Volunteers sought to ‘dig’ into the past of Bennachie

Volunteers sought to ‘dig’ into the past of Bennachie

The archaeological past of one of Scotland's most famous hills will be the focus of a new series of events launching this weekend.

Archaeologists from the University of Aberdeen are leading a project to unearth the secrets of Bennachie.

They hope their work – which is funded by a grant of £20K from the Arts and Humanities Research Council (AHRC) – will result in an exciting new heritage project for the hill and its surrounding landscape.

Budding archaeologists from the local community are being encouraged to get involved in the research by attending a host of events taking place on the hill over the coming months.

Dr Gordon Noble, Lecturer in Archaeology at the University of Aberdeen explained: “Bennachie is widely acknowledged as a historically and archaeologically significant location, but very little surveying or excavation work has actually taken place on the site – and this is what our project aims to change.

“Our intent is to get the local community involved in helping us discover more about this fascinating and important landmark that sits on their doorstep.

“We are running a series of events on Bennachie throughout May and June which aim to equip community members with the knowledge and skills they require to undertake their own work into the history and heritage of their local area.

“Activities will include archaeological digs on the hill, an oral history day with the chance hear and share stories about Bennachie, and an event hosted by the Royal Commission where locals will be offered the chance to learn methods for recording old buildings.

“Our particular focus across all of these events will be on discovering more about ‘the Colony of Bennachie’ – settlers who resided on the hill rent free from the 1830s onwards before landholding estates divided up the land in the 1860s, and they were forced to pay rent or move on.

“This project aims to learn more about the day to day lives of these people and how it compares to what is recorded in history about their existence on Bennachie.”

These activities in May and June are part of an ongoing Bennachie Landscapes Project that involves several partners including The Bailies of Bennachie, a voluntary charity concerned with the social and natural history of the hill, Aberdeenshire Council Ranger Service and Forestry Commission Scotland. The Bailies of Bennachie are employing landscape archaeologist Colin Shepherd as co-ordinator for the project.

Jackie Cumberbirch, Senior Bailie of Bennachie said: “Bennachie is a fantastic place and these events will hopefully inspire everyone in the area to find out more about the hill.”

Calum Murray, Communities,Recreation & Tourism Manager, Moray & Aberdeenshire Forest District, Forestry Commission Scotland said:  “It is great to see this exciting project really getting into its stride this year with lots of opportunities for everyone who enjoys Bennachie to get involved."

Details of the events taking place throughout May and June are as follows:

Saturday May 5 and Sunday May 6, 10am - 5pm

Members of the public are invited to join an archaeological dig focusing on the remains of houses where ‘the Colony of Bennachie’ resided. A follow-up workshop on Saturday June 2 will allow those involved to examine and learn more about any artefacts they uncovered. This dig will be based close to the Bennachie Centre and on each day of the dig, leaving the centre at 1pm, Fiona Banks, Aberdeenshire Council ranger will take anyone interested in seeing what is happening, up to the dig.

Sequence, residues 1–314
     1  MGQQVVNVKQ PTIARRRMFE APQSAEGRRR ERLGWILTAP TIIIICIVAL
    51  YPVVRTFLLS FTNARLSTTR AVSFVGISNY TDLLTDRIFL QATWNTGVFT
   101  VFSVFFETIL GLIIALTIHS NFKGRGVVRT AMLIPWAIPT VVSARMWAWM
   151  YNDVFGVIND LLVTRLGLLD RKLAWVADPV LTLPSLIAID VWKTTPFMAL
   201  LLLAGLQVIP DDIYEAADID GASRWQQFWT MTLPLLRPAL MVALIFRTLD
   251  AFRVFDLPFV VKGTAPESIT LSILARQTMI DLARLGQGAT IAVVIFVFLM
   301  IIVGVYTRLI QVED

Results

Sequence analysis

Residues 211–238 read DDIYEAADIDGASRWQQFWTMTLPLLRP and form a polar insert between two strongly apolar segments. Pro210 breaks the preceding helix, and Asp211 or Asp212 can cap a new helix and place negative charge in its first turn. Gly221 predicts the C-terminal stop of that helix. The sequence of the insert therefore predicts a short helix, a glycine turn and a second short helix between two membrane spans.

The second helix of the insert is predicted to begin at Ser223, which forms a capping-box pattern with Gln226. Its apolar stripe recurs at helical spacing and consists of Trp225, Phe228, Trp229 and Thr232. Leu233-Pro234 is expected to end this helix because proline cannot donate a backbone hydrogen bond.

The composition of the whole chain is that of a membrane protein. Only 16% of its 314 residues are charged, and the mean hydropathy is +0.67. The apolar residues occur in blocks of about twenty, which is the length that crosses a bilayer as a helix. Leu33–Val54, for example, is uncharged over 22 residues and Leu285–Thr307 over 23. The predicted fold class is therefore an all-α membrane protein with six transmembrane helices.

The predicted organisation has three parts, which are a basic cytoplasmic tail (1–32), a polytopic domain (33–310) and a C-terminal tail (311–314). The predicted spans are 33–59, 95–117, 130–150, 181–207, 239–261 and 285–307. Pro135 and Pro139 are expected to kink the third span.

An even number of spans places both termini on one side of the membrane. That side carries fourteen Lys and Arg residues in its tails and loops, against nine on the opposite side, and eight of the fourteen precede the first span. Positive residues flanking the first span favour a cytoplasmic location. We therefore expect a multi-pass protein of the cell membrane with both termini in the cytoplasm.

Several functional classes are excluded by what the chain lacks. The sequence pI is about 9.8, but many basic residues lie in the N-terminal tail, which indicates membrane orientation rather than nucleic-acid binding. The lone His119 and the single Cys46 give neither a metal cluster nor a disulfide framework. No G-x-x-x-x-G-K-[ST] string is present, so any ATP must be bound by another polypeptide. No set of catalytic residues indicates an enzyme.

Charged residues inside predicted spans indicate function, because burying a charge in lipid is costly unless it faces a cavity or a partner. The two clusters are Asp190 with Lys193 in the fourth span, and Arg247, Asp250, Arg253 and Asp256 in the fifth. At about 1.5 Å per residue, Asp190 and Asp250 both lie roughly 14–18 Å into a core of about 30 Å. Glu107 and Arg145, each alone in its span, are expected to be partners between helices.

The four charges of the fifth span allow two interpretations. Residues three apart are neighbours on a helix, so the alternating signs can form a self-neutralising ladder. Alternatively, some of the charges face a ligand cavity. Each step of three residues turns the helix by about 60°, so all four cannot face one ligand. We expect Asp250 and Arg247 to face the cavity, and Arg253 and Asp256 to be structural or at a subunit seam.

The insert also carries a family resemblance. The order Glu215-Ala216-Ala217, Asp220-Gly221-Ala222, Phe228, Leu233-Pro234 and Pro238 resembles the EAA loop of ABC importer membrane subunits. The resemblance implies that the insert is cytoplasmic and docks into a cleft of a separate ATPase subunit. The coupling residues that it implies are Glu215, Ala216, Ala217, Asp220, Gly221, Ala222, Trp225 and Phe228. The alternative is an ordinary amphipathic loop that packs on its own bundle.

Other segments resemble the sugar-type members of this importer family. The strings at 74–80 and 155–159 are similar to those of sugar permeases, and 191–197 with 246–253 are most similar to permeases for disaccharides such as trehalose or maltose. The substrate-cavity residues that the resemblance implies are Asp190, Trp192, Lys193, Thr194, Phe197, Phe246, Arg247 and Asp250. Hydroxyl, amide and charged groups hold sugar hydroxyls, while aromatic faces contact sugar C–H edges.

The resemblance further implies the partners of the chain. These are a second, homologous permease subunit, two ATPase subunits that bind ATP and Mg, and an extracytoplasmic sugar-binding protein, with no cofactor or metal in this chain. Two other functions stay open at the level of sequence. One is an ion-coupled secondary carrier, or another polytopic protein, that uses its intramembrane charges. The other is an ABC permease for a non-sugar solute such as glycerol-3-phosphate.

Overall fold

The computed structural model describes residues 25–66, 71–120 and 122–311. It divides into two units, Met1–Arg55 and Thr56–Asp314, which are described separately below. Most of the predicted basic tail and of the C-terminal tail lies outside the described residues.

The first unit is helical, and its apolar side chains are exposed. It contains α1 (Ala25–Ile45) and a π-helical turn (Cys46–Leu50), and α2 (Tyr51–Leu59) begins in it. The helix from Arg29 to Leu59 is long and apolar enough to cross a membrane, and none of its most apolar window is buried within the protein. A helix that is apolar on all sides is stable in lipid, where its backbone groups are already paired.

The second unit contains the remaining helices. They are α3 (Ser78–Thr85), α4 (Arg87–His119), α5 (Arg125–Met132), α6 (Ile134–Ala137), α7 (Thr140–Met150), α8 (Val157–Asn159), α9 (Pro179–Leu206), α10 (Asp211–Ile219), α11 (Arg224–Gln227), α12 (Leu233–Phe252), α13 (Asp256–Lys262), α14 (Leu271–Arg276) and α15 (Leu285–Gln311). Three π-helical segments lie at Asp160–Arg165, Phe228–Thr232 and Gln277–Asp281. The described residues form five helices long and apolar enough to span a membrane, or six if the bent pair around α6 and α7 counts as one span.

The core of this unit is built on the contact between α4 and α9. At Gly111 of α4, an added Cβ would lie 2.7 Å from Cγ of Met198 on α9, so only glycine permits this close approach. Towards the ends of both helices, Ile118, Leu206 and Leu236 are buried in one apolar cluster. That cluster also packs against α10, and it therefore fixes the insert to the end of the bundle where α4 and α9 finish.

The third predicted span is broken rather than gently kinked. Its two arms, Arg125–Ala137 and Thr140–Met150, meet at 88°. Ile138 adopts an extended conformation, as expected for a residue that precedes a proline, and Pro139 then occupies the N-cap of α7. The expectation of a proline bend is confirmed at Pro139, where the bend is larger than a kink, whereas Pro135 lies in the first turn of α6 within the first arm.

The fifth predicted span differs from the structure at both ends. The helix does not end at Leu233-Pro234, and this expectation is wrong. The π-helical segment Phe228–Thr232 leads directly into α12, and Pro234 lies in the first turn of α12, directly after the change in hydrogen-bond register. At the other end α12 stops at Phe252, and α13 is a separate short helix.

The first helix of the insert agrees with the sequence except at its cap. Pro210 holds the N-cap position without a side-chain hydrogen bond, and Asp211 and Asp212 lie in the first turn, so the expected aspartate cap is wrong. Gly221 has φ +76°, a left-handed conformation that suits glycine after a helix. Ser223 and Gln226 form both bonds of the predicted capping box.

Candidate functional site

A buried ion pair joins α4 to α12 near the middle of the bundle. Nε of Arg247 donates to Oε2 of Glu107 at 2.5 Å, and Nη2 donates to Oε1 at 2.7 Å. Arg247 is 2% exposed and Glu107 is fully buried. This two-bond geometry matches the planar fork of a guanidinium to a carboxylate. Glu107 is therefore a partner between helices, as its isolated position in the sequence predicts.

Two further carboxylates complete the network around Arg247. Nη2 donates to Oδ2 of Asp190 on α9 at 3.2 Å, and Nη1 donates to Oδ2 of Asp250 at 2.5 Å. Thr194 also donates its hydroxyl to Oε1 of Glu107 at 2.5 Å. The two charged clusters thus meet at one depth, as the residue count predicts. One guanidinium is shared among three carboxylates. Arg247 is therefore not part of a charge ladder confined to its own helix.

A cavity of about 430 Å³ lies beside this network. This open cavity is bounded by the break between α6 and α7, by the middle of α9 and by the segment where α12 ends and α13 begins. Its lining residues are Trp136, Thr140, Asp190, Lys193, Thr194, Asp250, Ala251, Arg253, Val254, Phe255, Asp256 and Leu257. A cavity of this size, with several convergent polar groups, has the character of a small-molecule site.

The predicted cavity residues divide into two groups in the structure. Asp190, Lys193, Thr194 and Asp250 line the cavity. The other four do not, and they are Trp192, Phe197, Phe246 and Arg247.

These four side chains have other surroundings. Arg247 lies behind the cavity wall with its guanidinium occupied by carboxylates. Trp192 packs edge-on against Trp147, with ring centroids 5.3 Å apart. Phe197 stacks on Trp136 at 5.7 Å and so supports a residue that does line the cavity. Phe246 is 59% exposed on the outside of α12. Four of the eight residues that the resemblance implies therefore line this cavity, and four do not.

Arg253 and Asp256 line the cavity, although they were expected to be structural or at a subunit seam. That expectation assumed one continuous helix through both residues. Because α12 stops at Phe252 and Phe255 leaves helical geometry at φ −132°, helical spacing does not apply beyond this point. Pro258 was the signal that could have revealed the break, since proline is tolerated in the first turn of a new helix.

Thursday May 10 and Friday May 11, 10am - 5pm

The Royal Commission of the Ancient and Historical Monuments of Scotland (RCAHMS) will host two training days providing an insight into methods of recording on archaeological sites.

Saturday June 2, 4pm

Oyne Primary School who have been working on the Bennachie Landscapes Project will have an exhibition at their school showing the results of their archaeological and documentary research into the history of their parish which they have been undertaking in April and May. This exhibition is open to all and there is no need to book.

Thursday 7 June, 5.30 - 8pm

Keig Primary School have also been working on the Bennachie Landscapes project and have an exhibition at their school of their research into their parish during April and May.  This exhibition is open to all and there is no need to book.

Saturday June 9, 10am

Members of the local community interested in recording the oral history of the area will have the chance to attend a training day where tips on obtaining and recording anecdotes and stories will be offered. This will be followed by an event on Saturday June 23, 10am - 5pm, where people are invited to come along and share their stories of Bennachie. Members of the Bailies of Bennachie from across the globe will also link into the event via the internet.

From June 18 - 27

There will be the chance to see how historic documents are used to shed light on the landscape and social history of the northeast of Scotland by delving into the archives at the new University of Aberdeen Library.

Saturday June 16, 10am - 5pm

Members of the public will have the opportunity to get involved in a unique project, led by Peter Stollery, Professor in Composition and Electroacoustic Music at the University in Aberdeen, to create a musical composition using sounds recorded on Bennachie.

Booking is essential for most of these events - contact bennachielandscapes@scottish-heritage.org.uk or telephone 07812 087 898.

Attendees should meet at the Bennachie Centre, and under 16s must be accompanied by a responsible adult.

For more information on these events, and how to get involved in the research, contact Colin Shepherd, colin@scottish-heritage.org.uk.

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